Up to 25 cups of coffee a day still safe for heart health, study says
Coffee lovers might be able to breathe a sigh of relief a new study found that drinking even large amounts of the caffeinated beverage won't stiffen arteries and harm your heart.
Aficionados have been getting mixed messages about their favorite drink, with some research suggesting that drinking coffee can improve health while other studies advise people to cut down on their consumption. Previous studies suggested that coffee can cause a stiffening of the arteries, putting pressure on the heart and increasing the likelihood of stroke or heart attack.
But a new study, funded in part by the British Heart Foundation found that drinking five cups of coffee a day was no worse for the arteries than drinking less than one cup. The study of more than 8,000 people across the United Kingdom also found that even those who drank up to 25 cups a day were no more likely to experience stiffening of the arteries than someone drinking less than a cup a day.
In the latest study, which is being presented Monday at the British Cardiovascular Society conference, scientists from Queen Mary University of London divided 8,412 people into three groups, with each self-reporting its coffee consumption. The first group was made up of people who said they drank less than one cup of coffee a day; the second included those who drank between one and three cups; and the third group included those who drank more than three, with some in the group drinking up to 25 cups a day. People who consumed more than 25 cups of coffee a day were excluded.
All the participants in the study were given MRI heart scans and infrared pulse wave tests. Researchers corrected for factors such as age, gender, ethnicity, smoking status, weight, blood pressure, diet and how much alcohol a person drinks.
"What we found was that drinking more than three cups of coffee a day did not significantly increase the stiffness of blood vessels compared to people who drink one cup or less a day," Kenneth Fung, who led the data analysis at Queen Mary University of London, told CNN.
"The main message for people to take away from this is that coffee can be enjoyed as part of a healthy lifestyle, and coffee lovers can be reassured by this result in terms of blood vessel stiffness outcomes."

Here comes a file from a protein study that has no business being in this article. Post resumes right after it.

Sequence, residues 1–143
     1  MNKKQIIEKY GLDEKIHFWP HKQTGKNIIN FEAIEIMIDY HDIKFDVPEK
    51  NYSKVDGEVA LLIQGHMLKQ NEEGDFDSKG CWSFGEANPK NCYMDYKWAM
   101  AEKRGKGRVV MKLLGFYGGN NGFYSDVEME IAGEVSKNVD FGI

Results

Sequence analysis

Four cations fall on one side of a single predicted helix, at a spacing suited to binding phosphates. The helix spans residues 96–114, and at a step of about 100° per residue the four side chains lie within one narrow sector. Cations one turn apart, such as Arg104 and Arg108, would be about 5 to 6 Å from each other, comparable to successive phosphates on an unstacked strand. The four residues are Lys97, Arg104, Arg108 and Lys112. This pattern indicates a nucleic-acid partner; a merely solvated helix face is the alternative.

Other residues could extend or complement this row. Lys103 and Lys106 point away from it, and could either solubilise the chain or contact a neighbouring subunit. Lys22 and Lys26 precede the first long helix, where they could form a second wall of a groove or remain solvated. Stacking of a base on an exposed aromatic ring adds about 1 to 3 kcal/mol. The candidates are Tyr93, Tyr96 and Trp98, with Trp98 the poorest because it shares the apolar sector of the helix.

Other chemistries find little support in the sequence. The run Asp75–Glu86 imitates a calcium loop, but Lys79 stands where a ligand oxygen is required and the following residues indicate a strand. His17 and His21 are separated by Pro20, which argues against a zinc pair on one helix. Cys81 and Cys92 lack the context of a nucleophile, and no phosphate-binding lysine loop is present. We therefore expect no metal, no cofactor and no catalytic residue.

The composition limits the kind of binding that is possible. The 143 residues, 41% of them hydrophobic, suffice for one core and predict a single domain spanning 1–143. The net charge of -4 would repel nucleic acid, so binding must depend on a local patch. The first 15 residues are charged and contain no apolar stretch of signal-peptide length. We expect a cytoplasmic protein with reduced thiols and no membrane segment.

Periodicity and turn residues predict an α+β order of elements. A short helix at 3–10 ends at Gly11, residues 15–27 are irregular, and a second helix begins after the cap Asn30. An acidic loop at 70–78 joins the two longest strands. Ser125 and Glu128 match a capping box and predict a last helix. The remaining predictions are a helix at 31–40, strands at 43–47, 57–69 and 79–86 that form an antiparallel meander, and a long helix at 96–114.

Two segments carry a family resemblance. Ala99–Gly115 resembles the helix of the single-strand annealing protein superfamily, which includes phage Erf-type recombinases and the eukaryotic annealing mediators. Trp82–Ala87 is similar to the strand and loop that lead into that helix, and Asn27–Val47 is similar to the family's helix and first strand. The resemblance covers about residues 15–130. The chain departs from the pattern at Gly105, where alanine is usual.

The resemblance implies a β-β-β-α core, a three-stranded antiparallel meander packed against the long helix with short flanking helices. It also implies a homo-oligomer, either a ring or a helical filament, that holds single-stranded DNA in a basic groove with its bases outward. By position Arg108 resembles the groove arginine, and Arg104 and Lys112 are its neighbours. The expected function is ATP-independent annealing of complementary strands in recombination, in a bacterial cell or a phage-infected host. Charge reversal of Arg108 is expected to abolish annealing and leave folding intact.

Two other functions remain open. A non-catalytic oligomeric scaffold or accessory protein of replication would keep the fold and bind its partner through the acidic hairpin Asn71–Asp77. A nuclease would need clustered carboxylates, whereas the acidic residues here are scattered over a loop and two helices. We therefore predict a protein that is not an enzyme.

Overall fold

Although some participants in the study drank 25 cups a day, the average intake among the highest coffee consumption group was five cups a day.
"We're not telling people to drink 25 cups a day per se. If anything, if you drink within recommended guidelines, then we don't expect to see an increase in arterial stiffness compared with those who drink one cup or less a day," he added.
The research also showed that moderate and heavy coffee drinkers were most likely to be male, smoke and consume alcohol regularly.
Professor Metin Avkiran, associate medical director at the British Heart Foundation, said in a press release: "There are several conflicting studies saying different things about coffee, and it can be difficult to filter what we should believe and what we shouldn't. This research will hopefully put some of the media reports in perspective, as it rules out one of the potential detrimental effects of coffee on our arteries."
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Article Source: https://edition.cnn.com/2019/06/03/health/coffee-heart-health-arteries-scli-intl-gbr/index.html
1. stiffen / verb : to become stiff. : to become suddenly tense, rigid, or taut, as in bracing oneself for or drawing back fromshock, fear, or displeasure:
2. artery / noun : Anatomy. a blood vessel that conveys blood from the heart to any part of the body.
3. aficionado / noun : an ardent devotee; fan, enthusiast.
4. consume / verb : to destroy or expend by use; use up. : to eat or drink up; devour.
5. infrared / adjective : noting or pertaining to the infrared or its component rays:
6. detrimental / adjective : causing detriment, as loss or injury; damaging; harmful.
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